The USCGC Healy essentially does not affect the current or natural climate of the Arctic Ocean simply by being here. In order to minimize our pollution the cutter abides by strict recycling protocols that are established by the federal government to protect the ocean and marine life. Firstly, the ship recycles through separation of our trash. Basically, in everyone's stateroom and all throughout the ship there are four types of trash cans. One is for wet trash (all food waste), second (paper), third (regular trash- like a candy wrapper), fourth (bottles and cans). Since the ship is underway for so long, we have to store all the trash onboard until we get to land. If we had to store all of this trash it would take up a lot of space on the ship and smell awful. To prevent this from happening, the ship by law is allowed to put food waste in the ocean. The water will naturally break down all the food particles and it will disintegrate into the ocean. The same thing happens when we use the bathroom, all of that waste goes to a tank and when we are far enough from land we can put that into the ocean to disintegrate and naturally be absorbed (similar to the decomposition of an old tree into the soil). The other trash is put into large, sealed storage containers outside the ship, to keep it away from everyone inside the ship, prevent the bad smell, and stop the spread of germs. Once we reach land we place the other trash in a regular dumpster and recycle the paper and bottles. Things like plastic and bottles do not naturally dissolve thus polluting the ocean, and this is why we do not put them in the ocean. Last year the USCGC Healy was awarded the 2009 Commander Joel Magnusson Innovation Award for Management, for Shipboard Waste management/Recycling. The recycling program the ship abides by is very effective and environment friendly.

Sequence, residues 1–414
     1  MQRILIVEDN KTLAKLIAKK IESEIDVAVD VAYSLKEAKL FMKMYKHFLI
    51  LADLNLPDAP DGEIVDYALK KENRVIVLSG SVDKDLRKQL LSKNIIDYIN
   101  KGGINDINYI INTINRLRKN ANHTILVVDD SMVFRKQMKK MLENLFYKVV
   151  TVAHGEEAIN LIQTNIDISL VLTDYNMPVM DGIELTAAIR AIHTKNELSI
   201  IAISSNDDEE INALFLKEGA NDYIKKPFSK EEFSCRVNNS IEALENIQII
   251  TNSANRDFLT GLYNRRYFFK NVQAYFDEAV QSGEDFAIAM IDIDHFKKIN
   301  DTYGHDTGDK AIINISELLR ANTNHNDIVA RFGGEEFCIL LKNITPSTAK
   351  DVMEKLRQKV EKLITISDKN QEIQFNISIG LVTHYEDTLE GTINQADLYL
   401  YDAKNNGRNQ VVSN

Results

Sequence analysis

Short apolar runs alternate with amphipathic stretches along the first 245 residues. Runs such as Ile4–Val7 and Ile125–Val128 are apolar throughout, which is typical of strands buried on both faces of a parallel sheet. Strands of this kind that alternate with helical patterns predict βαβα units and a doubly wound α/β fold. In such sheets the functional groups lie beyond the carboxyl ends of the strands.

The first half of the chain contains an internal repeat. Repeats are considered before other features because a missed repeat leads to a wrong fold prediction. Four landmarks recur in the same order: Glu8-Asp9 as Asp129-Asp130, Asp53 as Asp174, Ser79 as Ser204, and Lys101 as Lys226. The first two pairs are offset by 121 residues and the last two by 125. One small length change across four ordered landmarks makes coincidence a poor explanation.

QUESTION 3 HOW STABLE IS THE ICE IN THE BEAUFORT SEA?
Answered by Pat Keoughan:
Icebergs break off of glaciers into the ocean. They can have rounded parts, be different shapes, even be bigger on top than the bottom so they can tumble and may not be very stable. There are no glaciers flowing into the Beaufort Sea.
Answered by Pat Keoughan:
I used the data collected by the instruments aboard the HEALY to find a graph showing the air and sea temperature for the last 24 hours. I've recorded the highest and lowest for you to give you an idea of the temperatures we are experiencing. These temperatures are from 9/14/10 at 3:30 PM, or 23:30 as we tell time onboard. I rounded numbers to the nearest 5 tenths. The sea water surface temperature high was 5.25 degrees C (41.5 degrees F) and the low was 2.25 degrees C (36 degrees F).
The air temperature was a bit trickier. I went to the bridge where the Coast Guard crew drives the ship. Seaman Burgeson helped me by looking up the highest air temperature during the last week, 49 degrees F, and lowest, 36 degrees F. The highest surface seawater temperature was 47 degrees F and the lowest, 30 degrees F.
QUESTION 5 IF ALL THE ICE MELTED IN THE ARCTIC OCEAN HOW MUCH WOULD THE SEA LEVEL RISE AND HOW MUCH FRESHWATER WOULD THAT BE?
Answered by Melinda Webster, Physical Oceanography Graduate Student: